As we move forward in 2024 with the new Prop 12 legislation in place mandating specific standards for sow housing, the US industry has spent a considerable amount of time rethinking the design and layout of our current commercial production systems. What would pigs actually prefer? Welfare expert Dr Monique Pairis-Garcia shares some insights.
We often focus on designing a farm to ensure that it is economically realistic to build, efficient to run, and durable enough to handle the day-to-day wear and tear from pigs. However, we do not often think about designing a building based on the pig’s perspective and sensory capacity and should consider just exactly what the pig can see, smell, hear or taste.
Ensuring barns have good lighting in alleyways and pens will improve handling and movement of pigs
Pigs have better vision than humans and can see 310°. They can differentiate colours and it is believed blue is the easiest colour for them to identify. Pigs prefer well-lit areas and rely heavily on lighting to manoeuvre throughout an area. Ensuring barns have good lighting in alleyways and pens will improve handling and movement of pigs.
Pigs are also very sensitive to smell and can taste as well as humans. They usde smell primarily for identification, whether that be for the sow to identify her own piglets or from a social hierarchy standpoint for pigs to recognise pen mates and higher-ranking conspecifics. Current research has been looking at opportunities to use this sense of smell to manage aggression during mixing or improve oestrus identification rates.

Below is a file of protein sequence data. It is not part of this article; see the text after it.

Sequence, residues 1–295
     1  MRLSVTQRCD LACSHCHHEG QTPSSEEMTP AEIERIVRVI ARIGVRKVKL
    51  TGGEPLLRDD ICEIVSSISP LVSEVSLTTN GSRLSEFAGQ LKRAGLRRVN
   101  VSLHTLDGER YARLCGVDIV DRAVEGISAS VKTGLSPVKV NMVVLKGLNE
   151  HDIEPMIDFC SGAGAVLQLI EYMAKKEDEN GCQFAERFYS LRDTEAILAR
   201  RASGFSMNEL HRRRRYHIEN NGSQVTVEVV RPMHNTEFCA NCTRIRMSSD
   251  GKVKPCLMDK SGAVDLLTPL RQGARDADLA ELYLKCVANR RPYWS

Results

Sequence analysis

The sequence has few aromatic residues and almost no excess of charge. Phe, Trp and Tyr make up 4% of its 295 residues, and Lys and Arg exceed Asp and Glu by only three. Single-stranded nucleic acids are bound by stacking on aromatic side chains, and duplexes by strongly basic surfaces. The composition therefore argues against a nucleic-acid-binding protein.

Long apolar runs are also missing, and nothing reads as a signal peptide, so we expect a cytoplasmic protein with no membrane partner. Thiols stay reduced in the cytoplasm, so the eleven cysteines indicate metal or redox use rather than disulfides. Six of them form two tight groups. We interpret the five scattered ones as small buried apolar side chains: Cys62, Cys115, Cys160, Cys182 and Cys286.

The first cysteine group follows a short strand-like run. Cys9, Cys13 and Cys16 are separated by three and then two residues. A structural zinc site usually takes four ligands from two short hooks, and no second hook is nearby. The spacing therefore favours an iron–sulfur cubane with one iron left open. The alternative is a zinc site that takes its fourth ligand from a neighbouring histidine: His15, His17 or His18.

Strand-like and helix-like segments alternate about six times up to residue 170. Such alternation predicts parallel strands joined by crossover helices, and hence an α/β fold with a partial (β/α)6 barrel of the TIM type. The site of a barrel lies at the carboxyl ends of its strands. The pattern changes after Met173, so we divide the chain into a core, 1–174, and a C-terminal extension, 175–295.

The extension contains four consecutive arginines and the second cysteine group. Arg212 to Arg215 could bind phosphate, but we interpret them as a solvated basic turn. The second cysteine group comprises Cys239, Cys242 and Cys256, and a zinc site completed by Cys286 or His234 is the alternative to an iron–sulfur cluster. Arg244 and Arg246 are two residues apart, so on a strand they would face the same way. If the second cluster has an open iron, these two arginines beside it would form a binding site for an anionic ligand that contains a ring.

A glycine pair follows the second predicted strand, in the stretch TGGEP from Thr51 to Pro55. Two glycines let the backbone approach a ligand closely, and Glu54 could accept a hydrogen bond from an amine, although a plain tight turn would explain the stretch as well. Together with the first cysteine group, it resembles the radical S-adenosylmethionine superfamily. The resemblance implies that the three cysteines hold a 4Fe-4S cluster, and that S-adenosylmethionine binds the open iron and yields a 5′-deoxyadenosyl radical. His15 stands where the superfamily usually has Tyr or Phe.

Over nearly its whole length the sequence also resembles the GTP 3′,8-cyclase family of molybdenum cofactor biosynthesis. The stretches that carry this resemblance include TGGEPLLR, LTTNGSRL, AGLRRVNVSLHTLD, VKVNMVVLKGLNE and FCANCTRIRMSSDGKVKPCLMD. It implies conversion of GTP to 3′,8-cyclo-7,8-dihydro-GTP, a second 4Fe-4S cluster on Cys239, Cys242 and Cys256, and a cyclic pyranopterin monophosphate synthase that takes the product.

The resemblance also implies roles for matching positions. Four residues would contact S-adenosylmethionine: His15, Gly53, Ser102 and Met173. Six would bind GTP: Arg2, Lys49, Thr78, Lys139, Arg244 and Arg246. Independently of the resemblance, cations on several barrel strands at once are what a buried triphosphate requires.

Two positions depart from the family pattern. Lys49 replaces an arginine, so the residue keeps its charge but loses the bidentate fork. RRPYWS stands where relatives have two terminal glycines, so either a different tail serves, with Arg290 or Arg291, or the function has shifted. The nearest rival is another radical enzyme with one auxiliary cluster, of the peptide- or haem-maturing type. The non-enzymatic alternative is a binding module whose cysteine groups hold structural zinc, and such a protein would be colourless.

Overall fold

From a taste standpoint, pigs prefer sweet tastes and avoid sour or bitter flavours. New products are available on the market to apply solutions with bitter flavours onto the tail of the pig to reduce tail biting which commonly occurs in the finisher phase and sweet flavours had been added to startup diets to encourage young pigs to start on feed.
Lastly, pigs also have a similar hearing range as humans and are more sensitive to ultrasonic sounds greater than 20kHz, such as fireworks. Pigs can identify the location of sound better than most farm animals, and exhibit strong physiological responses to loud sounds as shown by an increased heart rate. There are also some studies that suggest exposures to higher frequency sounds can have long-term negative impacts on pigs, including increased aggressive behaviour and poorer immune response to disease. For more information on the impact of sound on livestock animals, please refer to a new 2023 publication from Poland.
As we move forward into 2024 and begin the next stages of development for our farms, I encourage all producers to consider developing an environment that takes into account production and efficiency, worker safety and comfort and the pig’s perspective, paying particular attention the often-forgotten environmental conditions that can influence pig welfare.
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